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Dangers of long-term shift work

Thursday, 20th November, 2014, by Joanna Weekes

In today's Health & Safety Bulletin:
  • Dangers of long-term shift work
  • 7 tips for managing shift workers
Dear Reader,
Depending on your industry and your specific circumstances, your business may require shift workers so that you can continue to provide services after normal business hours.

Shift work is being used more and more often as businesses strive to maintain their competitiveness, and consumers increasingly expect services and support to be available up to 24 hours a day.

Shift work may be a necessary part of your business, but there are dangers to workers who undertake long-term shift work, including suffering fatigue and long-term health problems.

In today’s Health & Safety Bulletin, Michael Selinger will discuss the risks posed to workers who undertake long-term shift work, and will outline 7 tips you can put into practice to manage the dangers of shift work.

Don’t forget, if you’re a subscriber you can find out more about shift work by referring to chapter S6 Shift Work in your Health & Safety Handbook or by writing to the Health & Safety Helpdesk if you have a specific question. If you’re not a subscriber, find out about the benefits of subscribing here.
Enjoy your weekend!
Joanna Weekes
Joanna Weekes
Editor
Health & Safety Bulletin
P.S. In the coming weeks we’ll be launching an important new guide to help you conduct a fair and effective workplace investigation.
The aim of this resource is to provide clear and practical guidelines to help you resolve a variety of potential workplace conflicts and complaints and achieve the best possible outcome for your business and your staff. We’ll keep you posted!
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7 tips for managing shift workers
By Michael Selinger
Editor-in-Chief, Health & Safety Handbook
A research study was reported in the Australian Financial Review this month which found that people who undertake shift work for 10 years or more may suffer loss of memory and brain power.

The research is yet another example of the risks involved in long-term shift work, which has been known to disrupt the body's internal clock, otherwise known as the circadian rhythm.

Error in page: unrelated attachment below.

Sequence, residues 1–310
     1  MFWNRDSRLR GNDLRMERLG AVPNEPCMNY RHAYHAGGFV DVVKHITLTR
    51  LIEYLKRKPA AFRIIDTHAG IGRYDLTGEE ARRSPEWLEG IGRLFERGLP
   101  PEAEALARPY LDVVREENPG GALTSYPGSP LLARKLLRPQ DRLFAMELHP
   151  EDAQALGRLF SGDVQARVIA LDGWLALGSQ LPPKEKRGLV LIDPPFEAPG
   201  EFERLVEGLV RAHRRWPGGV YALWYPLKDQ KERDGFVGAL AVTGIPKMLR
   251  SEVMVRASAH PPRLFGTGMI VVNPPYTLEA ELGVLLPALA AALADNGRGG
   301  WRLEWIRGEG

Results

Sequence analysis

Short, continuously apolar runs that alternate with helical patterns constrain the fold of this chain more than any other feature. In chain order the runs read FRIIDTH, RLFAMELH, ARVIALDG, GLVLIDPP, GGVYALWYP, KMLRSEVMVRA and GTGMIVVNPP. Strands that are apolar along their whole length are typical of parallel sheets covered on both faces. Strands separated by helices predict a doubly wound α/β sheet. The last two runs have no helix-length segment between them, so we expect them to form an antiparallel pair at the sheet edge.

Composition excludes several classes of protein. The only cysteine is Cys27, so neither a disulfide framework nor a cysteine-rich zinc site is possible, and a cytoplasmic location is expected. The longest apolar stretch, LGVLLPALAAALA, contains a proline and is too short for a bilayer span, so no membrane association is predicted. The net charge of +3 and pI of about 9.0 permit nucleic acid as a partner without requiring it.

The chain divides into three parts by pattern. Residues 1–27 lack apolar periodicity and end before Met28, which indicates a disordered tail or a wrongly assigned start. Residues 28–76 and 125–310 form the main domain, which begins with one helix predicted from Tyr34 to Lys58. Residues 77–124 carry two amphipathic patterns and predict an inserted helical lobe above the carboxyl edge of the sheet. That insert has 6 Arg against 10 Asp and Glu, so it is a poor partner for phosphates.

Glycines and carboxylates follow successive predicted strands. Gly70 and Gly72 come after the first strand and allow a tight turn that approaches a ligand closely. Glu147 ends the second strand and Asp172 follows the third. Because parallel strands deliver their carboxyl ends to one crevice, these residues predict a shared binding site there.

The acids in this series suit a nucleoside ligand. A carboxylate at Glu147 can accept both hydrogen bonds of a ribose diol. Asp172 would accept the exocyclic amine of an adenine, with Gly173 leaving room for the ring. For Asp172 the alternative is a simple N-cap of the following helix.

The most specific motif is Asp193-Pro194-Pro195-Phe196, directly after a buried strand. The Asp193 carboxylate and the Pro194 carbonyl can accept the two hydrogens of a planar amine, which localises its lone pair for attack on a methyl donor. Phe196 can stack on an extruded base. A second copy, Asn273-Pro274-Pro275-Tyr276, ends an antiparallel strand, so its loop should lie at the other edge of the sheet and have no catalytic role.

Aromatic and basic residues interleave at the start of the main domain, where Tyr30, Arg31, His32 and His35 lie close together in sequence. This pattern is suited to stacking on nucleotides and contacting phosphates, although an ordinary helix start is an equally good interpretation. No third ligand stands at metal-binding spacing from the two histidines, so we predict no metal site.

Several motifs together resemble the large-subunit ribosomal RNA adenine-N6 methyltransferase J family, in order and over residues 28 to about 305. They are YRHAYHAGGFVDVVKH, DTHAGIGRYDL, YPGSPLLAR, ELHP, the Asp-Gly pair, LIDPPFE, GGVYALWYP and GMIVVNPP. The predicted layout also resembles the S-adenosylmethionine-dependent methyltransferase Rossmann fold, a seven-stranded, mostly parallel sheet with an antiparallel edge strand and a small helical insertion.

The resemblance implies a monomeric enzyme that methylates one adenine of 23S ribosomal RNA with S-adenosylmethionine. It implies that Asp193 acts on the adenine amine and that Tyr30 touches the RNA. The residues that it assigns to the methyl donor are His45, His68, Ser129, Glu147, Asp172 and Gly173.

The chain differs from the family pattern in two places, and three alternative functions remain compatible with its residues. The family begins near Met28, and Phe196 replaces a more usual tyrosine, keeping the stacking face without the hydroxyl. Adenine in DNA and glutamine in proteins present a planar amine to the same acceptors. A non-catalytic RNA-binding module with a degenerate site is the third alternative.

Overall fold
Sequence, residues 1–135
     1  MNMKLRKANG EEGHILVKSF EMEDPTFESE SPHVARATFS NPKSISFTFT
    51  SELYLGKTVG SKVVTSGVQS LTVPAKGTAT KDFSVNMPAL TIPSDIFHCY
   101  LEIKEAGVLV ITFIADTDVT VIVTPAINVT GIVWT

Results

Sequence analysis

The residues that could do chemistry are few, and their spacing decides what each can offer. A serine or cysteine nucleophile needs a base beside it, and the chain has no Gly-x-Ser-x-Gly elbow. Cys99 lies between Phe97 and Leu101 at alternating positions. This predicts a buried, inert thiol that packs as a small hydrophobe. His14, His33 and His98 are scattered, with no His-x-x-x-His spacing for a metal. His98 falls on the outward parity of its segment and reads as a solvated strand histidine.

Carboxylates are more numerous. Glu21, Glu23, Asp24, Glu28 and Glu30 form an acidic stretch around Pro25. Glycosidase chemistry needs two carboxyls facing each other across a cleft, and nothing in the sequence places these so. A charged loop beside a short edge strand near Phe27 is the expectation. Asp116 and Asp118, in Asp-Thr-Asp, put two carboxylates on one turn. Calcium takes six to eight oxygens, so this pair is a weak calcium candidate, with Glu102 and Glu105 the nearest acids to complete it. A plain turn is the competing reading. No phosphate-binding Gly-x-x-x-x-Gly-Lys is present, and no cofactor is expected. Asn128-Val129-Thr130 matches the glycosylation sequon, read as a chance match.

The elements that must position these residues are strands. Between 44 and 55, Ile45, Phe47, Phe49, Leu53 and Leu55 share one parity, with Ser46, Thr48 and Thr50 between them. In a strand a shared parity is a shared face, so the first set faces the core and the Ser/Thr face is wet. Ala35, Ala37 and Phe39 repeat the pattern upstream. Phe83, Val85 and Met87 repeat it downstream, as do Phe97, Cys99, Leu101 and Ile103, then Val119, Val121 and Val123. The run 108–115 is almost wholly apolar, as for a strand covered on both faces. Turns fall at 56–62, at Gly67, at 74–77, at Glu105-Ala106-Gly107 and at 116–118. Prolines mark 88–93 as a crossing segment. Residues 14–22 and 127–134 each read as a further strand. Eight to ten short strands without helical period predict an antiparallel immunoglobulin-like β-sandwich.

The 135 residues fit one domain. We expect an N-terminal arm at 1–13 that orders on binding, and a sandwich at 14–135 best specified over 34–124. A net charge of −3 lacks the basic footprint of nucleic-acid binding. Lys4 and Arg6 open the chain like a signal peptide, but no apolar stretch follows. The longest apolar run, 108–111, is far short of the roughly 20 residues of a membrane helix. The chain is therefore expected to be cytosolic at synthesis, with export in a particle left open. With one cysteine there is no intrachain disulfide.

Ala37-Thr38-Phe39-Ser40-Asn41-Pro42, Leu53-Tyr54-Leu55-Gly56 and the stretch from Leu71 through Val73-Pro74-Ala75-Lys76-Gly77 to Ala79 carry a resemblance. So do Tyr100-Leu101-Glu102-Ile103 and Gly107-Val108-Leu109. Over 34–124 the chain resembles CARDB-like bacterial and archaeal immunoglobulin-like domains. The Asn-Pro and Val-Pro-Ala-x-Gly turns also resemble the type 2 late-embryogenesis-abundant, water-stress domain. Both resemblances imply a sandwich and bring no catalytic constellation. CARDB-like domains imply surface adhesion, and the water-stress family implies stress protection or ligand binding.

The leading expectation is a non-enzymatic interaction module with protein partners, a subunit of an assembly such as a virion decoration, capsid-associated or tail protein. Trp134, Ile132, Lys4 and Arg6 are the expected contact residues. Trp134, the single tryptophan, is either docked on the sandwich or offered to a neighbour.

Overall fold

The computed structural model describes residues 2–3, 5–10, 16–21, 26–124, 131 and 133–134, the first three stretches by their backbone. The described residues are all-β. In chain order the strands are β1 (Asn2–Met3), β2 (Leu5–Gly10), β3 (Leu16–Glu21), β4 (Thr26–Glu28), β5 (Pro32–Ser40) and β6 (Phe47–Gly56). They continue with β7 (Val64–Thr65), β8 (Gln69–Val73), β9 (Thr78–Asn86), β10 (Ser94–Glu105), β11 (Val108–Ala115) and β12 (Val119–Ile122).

Shift work has also been associated with health problems, including stomach ulcers, cardiovascular disease and some cancers.

In the research report, the trial subjects were studied over a period of 10 years. In about half the cases, the workers had initially done shifts, including night work or shifts that alternated between morning, afternoon and night.

Comparing the change in test results over time, and between the two groups who either had or hadn’t undertaken night shifts, an association was found between shift work and ‘chronic cognitive impairment’.

In cases where the workers had done more than 10 years of shift work, the research was said to be equivalent to an additional 6.5 years of age-related decline.

7 tips for managing shift workers

If your business uses shift workers, particularly long-term shift workers, you need to ensure that you:
  • design an appropriate shift schedule that takes into account the nature of the work, skill level of the workers and supervision available;
  • manage any overtime carefully in order to avoid workers getting burnt out;
  • schedule sufficient rest breaks to avoid workers becoming fatigued, especially if the shifts are lengthy or involve high-risk work;
  • provide additional amenities to help workers deal with fatigue, such as resting rooms, massages, etc.;
  • consider implementing a fatigue management plan and commit to measuring fatigue in your organisation;
  • ensure workers are properly trained and supervised. Training can also include information on the importance of sleep, diet and exercise for a shift worker; and
  • put effective shift handover procedures in place so that workers are not exposed to risk by any unexpected hazards when starting their next shift.
If you implement the above measures, you can avoid some of the long-term harm that shift work can cause.
Warm regards,
a
Michael Selinger 
Editor-in-Chief
Health & Safety Handbook
P.S. An apology regarding last Tuesday’s bulletin: not all of the information was 100% up-to-date, as a few health and safety regulators have recently undergone a name change. Here is a complete list of the current health and safety regulators:
Commonwealth: Comcare
ACT: WorkSafe ACT
NSW: WorkCover NSW
Queensland: Workplace Health and Safety Queensland
NT: NT WorkSafe
SA: SafeWork SA
Tasmania: WorkSafe Tasmania
Victoria: Victorian WorkCover Authority
WA: WorkSafe WA


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